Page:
Nemmar Real Estate Training, Real Estate Appraisals, House Home Inspections, Appraisers, Inspectors, House Renovation, Remodeling, Interior Design, Energy Saving Home Improvements, House Exterior, Home Interior, Building Structure Construction, Roof Roofing, Plumbing Pipes, Insulation, Energy Efficiency, Heating Boiler Furnace, Electrical System, Air Conditioning, House Repairs, Home Improvements

How to Help Appraisers Fairly Value Home Energy Efficiency Improvements – Elevate Energy

How to Help Appraisers Fairly Value Home Energy Efficiency Improvements March 6, 2014 11:46 am In 2013, we published a blueprint with the National Home Performance Council that outlines a seven-step process to make energy efficiency visible and properly valued in the real estate market. Appraisals are a key part of the process because the appraiser serves as a neutral third party who assesses a high performance home and indicates whether energy efficiency improvements contribute to the value.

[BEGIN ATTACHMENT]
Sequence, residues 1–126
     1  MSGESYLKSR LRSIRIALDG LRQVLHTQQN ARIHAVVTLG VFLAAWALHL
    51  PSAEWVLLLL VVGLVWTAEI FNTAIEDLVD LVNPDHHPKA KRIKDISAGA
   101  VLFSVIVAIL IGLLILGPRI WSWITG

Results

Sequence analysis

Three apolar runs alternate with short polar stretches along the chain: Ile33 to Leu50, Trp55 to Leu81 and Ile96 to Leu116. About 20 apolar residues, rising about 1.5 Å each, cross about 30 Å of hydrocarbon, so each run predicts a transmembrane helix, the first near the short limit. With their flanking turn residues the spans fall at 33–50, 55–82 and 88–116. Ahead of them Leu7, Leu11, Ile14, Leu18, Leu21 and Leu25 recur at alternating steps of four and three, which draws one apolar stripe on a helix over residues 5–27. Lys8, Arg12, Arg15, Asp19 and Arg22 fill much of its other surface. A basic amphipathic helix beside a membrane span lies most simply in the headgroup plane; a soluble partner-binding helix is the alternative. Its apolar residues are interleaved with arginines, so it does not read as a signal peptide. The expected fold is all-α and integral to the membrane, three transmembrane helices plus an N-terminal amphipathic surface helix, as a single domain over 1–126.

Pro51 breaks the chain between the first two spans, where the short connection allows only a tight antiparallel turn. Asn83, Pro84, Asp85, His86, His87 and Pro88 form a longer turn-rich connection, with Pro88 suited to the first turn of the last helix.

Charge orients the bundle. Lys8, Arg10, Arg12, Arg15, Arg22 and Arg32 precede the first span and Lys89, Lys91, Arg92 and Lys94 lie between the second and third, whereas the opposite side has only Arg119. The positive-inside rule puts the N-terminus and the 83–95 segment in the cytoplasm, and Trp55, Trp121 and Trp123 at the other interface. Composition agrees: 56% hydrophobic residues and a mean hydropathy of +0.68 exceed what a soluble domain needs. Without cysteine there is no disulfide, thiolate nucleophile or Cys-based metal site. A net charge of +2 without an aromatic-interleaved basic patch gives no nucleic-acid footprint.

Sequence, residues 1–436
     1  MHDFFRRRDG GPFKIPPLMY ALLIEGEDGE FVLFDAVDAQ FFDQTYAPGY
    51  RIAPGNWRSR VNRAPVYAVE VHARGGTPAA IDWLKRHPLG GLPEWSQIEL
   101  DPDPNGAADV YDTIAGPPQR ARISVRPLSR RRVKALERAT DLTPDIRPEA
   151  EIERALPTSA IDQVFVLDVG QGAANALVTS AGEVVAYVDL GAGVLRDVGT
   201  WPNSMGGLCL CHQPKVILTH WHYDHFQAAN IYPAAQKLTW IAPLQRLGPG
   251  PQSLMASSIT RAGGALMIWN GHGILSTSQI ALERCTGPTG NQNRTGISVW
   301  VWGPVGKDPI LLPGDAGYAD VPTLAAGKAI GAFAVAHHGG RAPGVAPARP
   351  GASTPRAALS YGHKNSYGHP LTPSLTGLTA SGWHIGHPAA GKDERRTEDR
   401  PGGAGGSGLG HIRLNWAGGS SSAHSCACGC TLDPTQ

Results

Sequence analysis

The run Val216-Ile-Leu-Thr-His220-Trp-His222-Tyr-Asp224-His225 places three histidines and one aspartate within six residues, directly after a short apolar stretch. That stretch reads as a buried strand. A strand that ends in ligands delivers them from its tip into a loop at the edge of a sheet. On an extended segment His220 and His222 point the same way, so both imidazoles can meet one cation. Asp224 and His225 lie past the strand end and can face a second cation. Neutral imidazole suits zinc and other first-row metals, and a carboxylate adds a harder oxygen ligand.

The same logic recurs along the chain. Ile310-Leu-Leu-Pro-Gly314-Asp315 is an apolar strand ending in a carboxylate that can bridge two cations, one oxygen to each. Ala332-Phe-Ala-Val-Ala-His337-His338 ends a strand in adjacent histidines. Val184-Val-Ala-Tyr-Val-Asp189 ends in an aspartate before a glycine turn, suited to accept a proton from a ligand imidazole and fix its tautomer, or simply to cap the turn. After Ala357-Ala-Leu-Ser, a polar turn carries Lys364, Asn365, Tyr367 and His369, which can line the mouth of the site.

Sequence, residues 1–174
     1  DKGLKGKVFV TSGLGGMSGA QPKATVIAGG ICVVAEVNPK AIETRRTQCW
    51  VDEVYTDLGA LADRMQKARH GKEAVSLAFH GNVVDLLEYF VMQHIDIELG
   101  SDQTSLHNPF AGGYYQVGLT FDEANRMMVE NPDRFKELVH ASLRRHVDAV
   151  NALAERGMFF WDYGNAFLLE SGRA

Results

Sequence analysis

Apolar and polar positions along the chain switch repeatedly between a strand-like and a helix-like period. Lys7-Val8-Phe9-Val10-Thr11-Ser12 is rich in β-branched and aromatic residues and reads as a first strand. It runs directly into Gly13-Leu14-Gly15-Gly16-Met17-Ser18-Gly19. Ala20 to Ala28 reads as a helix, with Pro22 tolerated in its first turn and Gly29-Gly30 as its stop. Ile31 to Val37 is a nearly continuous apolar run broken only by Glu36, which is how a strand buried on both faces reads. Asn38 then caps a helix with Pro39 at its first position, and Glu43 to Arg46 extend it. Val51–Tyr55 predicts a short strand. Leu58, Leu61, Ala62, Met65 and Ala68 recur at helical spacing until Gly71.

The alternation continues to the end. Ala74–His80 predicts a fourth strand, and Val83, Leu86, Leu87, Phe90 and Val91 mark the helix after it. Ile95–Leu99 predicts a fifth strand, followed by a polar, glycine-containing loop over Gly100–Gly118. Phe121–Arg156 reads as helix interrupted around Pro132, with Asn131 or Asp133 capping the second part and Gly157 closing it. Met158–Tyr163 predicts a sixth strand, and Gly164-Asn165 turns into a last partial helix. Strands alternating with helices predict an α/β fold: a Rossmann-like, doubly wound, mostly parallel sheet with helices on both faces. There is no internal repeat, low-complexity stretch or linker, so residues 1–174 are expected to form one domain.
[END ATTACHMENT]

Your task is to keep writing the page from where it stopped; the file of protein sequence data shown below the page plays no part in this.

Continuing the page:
We’ve witnessed real progress in the appraisal process, including enhancements to the appraiser’s toolkit to better address high performance home valuations. And in locations that have pioneered the green building and remodeling movement, we’re even seeing a growing demand for qualified “green” appraisers. However, we still have a way to go. Consistently Document Energy Efficiency Features Nothing works in the appraisal process unless high performance homes are consistently documented (see Step 1 of the blueprint).